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US senator accuses leading hospital lobbying organization of breaking trust

A high-ranking senator accused the state’s leading hospital lobbying organization of being “responsible for the gradual breakdown of trust” between lawmakers and hospital systems after the most recent legislative session, as documented in a four-page letter shared with the Indiana Capital Chronicle.

Sen. Chris Garten, a Republican from Charlestown, wrote that some legislators had described the Indiana Hospital Association (IHA) as “arrogant” and “disingenuous.”

The letter, addressed to the IHA’s board of directors, named former organization president Brian Tabor, who stepped down earlier this year. In a statement, Tabor maintained that his decision predated the March letter and wasn’t related to Garten’s comments.

The sometimes brash Senate majority floor leader has built a reputation for grilling various state agencies and others on regulatory details and project costs, most notably with the Indiana Gaming Commission. More recently, he questioned licensing delays and welcome center expenses during a lengthy State Budget Committee meeting.

In an interview, however, Garten struck a more conciliatory tone. Both sides were quick to emphasize a continued commitment to working together.

But the exchange casts a shadow on the 2025 legislative session.

Lawmakers plan to tackle health care pricing, ongoing Medicaid expenses and potentially the oft-debated Hospital Assessment Fee. Hospitals would like to alter the fee’s current structure, which offsets Healthy Indiana Plan 2.0 expenses, in a way that they say will benefit both health systems and state government.

Contents of the letter
Garten has spearheaded several legislative efforts related to hospitals and also chaired the interim Health Care Cost Oversight Task Force, which relied upon and utilized testimony from IHA. He was the Senate sponsor on a disputed proposal that he cited in his letter.

House Enrolled Act 1004 in 2023, tracking hospital pricing compared to Medicare prices, elicited pushback from Tabor and others.

“My colleagues and I met weekly with representatives from different hospitals and/or IHA to discuss their concerns about the policy we were implementing. Amidst the multiple versions of the bill and several amendments, I consistently gave IHA the opportunity to review language before it was shared with my legislative colleagues to provide your organization with time to submit feedback because I believe their intentions to be pure, despite that fact that conversations between IHA and other members of my caucus had grown contentious,” Garten wrote in the letter.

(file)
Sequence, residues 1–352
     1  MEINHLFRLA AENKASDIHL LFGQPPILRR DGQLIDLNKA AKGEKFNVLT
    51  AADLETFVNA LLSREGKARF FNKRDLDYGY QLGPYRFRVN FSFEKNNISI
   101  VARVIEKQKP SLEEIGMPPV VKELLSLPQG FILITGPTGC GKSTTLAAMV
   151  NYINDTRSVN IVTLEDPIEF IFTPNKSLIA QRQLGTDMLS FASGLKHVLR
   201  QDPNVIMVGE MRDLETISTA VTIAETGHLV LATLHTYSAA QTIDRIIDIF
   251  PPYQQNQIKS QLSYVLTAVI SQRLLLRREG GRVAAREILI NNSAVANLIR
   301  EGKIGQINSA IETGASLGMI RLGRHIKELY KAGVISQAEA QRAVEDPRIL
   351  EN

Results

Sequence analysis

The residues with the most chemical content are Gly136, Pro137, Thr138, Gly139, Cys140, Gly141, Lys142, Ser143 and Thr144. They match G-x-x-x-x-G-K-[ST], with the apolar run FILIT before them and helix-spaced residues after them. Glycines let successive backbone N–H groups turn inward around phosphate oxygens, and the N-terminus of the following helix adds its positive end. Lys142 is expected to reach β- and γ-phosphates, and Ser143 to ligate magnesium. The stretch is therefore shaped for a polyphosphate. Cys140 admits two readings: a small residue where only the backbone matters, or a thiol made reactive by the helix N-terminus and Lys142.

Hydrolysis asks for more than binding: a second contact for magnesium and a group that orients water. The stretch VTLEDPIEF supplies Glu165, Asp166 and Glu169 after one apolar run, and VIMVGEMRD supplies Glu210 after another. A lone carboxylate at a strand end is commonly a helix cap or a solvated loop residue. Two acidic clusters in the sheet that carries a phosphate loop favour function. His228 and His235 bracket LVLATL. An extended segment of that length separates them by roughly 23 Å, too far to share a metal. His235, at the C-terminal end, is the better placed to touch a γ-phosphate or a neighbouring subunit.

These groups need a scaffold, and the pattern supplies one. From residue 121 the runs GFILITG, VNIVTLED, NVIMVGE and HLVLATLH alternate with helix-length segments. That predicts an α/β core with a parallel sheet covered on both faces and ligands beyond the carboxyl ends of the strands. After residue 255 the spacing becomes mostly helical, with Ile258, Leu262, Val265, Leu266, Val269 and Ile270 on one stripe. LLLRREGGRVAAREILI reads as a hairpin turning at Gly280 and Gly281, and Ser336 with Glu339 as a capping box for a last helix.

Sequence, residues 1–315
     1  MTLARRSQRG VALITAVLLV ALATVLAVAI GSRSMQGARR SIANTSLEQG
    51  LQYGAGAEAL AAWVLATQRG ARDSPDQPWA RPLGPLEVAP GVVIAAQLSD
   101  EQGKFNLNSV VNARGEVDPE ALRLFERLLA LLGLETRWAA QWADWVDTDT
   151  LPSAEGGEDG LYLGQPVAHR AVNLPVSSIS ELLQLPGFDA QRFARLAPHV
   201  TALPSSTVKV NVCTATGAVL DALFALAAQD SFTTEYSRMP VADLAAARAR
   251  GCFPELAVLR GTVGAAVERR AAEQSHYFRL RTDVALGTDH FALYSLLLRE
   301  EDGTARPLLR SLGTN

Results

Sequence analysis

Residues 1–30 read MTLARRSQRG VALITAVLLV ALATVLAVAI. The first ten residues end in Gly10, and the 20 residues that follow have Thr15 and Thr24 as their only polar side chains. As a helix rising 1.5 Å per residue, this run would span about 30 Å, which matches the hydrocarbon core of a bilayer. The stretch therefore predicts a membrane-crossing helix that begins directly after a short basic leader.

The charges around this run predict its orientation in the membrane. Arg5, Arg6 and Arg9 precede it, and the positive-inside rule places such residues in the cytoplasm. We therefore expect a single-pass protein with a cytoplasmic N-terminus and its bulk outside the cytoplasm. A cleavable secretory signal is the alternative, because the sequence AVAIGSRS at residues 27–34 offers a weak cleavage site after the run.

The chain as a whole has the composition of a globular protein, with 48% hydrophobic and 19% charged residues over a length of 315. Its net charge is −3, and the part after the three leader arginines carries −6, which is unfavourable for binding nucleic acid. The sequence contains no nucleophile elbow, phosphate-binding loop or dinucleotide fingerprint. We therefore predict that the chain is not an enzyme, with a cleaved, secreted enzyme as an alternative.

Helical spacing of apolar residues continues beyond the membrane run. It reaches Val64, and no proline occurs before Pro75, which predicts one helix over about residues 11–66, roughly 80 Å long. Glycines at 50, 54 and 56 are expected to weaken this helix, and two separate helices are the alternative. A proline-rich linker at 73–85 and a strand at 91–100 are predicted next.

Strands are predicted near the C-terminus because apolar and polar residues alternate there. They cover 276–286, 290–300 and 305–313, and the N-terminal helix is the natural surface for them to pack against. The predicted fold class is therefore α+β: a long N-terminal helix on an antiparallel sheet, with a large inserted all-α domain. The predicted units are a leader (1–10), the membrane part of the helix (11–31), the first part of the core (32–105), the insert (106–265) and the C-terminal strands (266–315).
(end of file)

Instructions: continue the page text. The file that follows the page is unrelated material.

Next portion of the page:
Garten said people on both sides of the issue made concessions but he was “taken aback” by IHA’s mass emails and public messaging following the bill’s ultimate passage.

Though the organization has consistently downplayed research from the RAND Corp. ranking Indiana’s hospital prices as among the nation’s most expensive, Garten said IHA has used RAND research to support other causes.

“For many in my caucus, this was indicative of the type of games they had seen IHA play in the past, but for me, it was the first real signal of organizational insincerity — I absolutely took note,” he wrote.

Garten’s letter indicates that the perceived “hypocritical messaging” on RAND was a topic of a “candid conversation” between he and Tabor on August 7, 2023, prior to meetings of the health care costs task force.

Both parties “committed to moving forward on a good note,” Garten wrote, which he said he demonstrated by granting early access to committee agendas and limiting the publication of certain data related to hospital reporting.

The final committee report seeded four bills during the 2024 session, one of which became law: Senate Bill 9. The unsuccessful proposals include Senate Bill 257, Senate Bill 258 and House Bill 1327.

Senate Bills 257 and 258 were shared in advance with IHA staff, Garten said, adding that a staffer worked behind the scenes to ensure bills weren’t heard in committee without consulting Garten.

The proposals would have given third party administrators and pharmacy benefit managers a fiduciary duty to insurance sponsors and prohibited physician compensation for in-system referrals, respectively. House Bill 1327 would have required health care entities to report a breakdown of their ownership data.

On Senate Bill 9, Garten said he “accommodated many of their requests” in bill amendments, including defining “health care entity” and “acquisition” alongside confidentiality requirements. The underlying bill, which passed, requires health systems notify the Office of Attorney General of a planned merger or acquisition.